When Did Pride Become A Virtue Instead of A Sin?

Printed from: https://newbostonpost.com/2024/02/21/when-did-pride-become-a-virtue-instead-of-a-sin/

For several millennia in Western civilization, pride was considered a sin. In fact, it’s the worst of the seven deadly sins, which are greed, envy, wrath, lust, gluttony, sloth, and pride.

There are, of course, different kinds of pride.  We say that we are proud about the accomplishments of our children or grandchildren. We say that we are proud of our team or our school. These are the healthy kinds of pride.

But it is when pride leads us to feel superior to others or to act in arrogant ways that pride becomes the worst vice. Pride leads to every other vice.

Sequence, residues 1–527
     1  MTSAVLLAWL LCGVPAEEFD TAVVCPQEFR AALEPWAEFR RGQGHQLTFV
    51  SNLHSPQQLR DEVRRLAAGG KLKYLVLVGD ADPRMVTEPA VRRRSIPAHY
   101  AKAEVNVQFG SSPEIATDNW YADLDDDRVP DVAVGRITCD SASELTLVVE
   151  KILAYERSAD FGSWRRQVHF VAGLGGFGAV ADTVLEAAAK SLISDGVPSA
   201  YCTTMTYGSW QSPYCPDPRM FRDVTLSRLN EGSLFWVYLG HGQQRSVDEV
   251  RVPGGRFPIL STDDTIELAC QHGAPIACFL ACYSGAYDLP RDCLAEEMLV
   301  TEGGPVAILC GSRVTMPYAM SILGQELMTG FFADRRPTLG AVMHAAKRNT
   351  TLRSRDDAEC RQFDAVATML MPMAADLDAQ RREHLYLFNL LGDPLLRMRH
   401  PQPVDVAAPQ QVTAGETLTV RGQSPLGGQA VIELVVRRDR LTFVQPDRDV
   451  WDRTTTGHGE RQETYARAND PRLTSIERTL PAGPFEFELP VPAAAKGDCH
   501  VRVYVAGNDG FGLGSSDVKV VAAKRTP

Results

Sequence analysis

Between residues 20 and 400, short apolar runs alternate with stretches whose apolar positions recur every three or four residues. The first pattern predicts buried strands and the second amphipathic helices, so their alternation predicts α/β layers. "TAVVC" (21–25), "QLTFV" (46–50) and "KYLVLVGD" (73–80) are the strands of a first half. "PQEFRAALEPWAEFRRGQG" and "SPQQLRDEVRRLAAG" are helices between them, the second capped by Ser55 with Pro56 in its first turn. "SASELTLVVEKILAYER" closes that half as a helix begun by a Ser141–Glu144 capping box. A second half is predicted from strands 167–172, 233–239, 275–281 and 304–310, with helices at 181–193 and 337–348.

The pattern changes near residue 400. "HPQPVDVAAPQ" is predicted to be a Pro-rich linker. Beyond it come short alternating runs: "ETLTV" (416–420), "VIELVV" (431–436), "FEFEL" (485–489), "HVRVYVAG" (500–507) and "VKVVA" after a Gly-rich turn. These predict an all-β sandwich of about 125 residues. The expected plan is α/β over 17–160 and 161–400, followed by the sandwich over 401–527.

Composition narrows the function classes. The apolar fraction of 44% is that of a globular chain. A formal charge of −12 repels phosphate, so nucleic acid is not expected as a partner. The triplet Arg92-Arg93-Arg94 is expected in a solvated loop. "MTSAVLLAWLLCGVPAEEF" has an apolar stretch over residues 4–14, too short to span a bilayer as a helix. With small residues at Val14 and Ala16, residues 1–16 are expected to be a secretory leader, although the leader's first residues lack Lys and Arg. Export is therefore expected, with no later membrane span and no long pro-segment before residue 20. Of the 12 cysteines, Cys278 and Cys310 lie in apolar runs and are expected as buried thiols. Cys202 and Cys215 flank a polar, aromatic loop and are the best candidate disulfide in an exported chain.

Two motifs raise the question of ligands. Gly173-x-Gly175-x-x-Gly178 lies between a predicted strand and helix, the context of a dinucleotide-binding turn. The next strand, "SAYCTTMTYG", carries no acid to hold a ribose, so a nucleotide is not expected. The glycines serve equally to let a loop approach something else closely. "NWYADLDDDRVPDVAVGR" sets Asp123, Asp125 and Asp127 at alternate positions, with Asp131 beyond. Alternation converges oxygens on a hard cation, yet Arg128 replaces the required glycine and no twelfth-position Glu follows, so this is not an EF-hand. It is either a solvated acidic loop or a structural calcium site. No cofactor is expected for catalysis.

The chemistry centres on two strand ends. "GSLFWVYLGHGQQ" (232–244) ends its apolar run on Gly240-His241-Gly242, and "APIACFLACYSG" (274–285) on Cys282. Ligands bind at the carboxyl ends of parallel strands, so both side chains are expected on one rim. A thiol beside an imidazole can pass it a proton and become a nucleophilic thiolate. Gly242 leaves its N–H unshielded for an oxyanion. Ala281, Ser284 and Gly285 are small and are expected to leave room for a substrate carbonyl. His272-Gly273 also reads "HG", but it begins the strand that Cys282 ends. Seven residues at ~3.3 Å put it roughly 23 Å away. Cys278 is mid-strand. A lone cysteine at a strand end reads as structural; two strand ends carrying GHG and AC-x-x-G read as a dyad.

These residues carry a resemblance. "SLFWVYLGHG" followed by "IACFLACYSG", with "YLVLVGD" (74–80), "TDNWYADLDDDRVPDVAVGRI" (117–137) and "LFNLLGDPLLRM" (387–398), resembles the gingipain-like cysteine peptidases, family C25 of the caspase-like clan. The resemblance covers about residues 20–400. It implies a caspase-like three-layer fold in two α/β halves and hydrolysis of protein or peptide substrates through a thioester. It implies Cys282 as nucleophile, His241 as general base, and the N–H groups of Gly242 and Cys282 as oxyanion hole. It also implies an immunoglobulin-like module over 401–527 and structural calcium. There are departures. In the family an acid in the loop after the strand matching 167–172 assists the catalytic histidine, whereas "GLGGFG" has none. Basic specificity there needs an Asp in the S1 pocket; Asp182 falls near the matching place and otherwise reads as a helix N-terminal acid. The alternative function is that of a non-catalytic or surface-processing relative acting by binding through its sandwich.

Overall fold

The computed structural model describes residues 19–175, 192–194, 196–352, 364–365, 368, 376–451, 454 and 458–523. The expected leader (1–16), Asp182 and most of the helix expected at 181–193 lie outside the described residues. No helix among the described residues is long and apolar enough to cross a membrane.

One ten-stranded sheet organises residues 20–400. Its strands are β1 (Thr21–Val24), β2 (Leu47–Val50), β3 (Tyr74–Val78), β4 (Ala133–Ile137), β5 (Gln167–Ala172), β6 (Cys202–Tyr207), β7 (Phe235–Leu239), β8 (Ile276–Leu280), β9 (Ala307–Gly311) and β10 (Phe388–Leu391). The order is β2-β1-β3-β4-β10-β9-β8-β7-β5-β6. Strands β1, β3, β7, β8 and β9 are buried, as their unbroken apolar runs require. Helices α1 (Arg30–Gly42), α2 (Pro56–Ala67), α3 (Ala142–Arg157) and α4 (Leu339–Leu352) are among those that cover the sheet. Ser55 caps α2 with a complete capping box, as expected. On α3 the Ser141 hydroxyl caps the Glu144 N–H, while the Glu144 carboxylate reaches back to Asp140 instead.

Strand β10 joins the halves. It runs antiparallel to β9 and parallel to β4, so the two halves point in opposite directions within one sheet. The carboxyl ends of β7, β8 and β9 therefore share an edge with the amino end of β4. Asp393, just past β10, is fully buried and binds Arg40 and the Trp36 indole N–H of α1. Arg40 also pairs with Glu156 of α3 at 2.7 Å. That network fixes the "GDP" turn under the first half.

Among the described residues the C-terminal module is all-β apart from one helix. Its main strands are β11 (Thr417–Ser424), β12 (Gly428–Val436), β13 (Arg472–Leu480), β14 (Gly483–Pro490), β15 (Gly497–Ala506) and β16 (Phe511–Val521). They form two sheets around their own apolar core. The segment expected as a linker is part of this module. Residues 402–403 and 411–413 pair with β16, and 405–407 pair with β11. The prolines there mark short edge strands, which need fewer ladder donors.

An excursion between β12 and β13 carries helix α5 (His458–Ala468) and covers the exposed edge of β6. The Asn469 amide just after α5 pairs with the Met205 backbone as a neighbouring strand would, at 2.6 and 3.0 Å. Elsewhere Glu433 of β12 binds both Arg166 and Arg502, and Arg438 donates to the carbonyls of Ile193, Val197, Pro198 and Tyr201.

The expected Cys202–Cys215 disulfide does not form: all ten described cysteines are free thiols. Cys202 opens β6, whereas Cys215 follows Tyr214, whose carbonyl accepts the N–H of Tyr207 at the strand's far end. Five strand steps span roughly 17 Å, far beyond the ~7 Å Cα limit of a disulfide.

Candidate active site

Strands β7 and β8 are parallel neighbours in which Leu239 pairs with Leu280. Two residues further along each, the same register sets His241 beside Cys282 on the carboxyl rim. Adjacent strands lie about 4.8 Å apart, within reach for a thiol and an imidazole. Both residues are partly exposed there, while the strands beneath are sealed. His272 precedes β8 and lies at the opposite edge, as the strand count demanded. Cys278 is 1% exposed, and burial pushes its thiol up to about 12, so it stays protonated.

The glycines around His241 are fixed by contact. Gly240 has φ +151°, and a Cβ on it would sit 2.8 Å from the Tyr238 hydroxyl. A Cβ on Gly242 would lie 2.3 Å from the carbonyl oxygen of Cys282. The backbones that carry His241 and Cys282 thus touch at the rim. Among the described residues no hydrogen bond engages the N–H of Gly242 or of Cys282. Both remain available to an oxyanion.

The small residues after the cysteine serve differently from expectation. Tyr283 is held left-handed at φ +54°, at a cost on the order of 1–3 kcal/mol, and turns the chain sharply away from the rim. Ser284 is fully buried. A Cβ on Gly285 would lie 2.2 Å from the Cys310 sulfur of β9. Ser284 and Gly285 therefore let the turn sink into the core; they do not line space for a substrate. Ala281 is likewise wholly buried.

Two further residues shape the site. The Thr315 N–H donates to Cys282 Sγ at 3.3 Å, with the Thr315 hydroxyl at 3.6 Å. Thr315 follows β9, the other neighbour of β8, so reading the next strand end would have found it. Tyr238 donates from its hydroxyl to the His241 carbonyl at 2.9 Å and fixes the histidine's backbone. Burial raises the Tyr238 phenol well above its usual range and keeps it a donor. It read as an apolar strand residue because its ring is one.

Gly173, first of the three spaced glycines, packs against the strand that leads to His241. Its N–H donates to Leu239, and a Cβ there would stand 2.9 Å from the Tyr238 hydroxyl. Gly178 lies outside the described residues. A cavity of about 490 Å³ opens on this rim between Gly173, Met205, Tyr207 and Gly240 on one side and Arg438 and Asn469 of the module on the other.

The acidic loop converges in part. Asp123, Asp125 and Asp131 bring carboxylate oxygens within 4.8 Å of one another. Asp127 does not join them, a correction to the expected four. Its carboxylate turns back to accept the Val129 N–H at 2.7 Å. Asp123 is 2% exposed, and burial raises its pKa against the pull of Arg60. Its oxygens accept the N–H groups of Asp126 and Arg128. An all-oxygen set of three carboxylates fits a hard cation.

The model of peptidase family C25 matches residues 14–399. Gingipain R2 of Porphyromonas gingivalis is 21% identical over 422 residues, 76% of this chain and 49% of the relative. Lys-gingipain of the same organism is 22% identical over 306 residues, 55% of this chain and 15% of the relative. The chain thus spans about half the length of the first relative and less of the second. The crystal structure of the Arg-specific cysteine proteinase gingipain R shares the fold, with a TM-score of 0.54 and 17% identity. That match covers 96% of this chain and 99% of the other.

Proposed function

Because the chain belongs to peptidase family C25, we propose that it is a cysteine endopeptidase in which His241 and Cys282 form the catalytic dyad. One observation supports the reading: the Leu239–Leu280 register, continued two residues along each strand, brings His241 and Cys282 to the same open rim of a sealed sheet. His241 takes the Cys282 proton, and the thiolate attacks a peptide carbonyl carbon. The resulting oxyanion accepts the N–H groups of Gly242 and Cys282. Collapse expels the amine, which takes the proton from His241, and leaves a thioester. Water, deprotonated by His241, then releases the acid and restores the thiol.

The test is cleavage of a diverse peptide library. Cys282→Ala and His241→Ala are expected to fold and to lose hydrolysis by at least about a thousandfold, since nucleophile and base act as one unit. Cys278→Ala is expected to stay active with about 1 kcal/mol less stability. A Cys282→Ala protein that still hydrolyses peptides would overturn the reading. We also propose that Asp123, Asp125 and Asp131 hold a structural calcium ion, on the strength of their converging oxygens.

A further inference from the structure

According to Christian theology, it was through pride that Lucifer, a fallen angel, rebelled against God and became the Devil. Pride is the complete anti-God state of mind.

God’s disgust with pride is found throughout the New Testament in Jesus’s teaching. For example, Jesus contrasts the behavior of the Pharisee and the tax collector (Luke 8:9-14). The Pharisee in the temple says that he is thankful that he is better than other people, while the tax collector asks God to have mercy on him and forgive his sins. Jesus ends his story by saying that it is the tax collector who went home justified before God, and not the Pharisee. He explains:  “For all those who exalt themselves will be humbled, and those who humble themselves will be exalted.”

This is also a constant theme throughout the Old Testament as well. Here is an example from Proverbs 16:5:  “The Lord detests all the proud at heart. Be sure of this, they will not go unpunished.”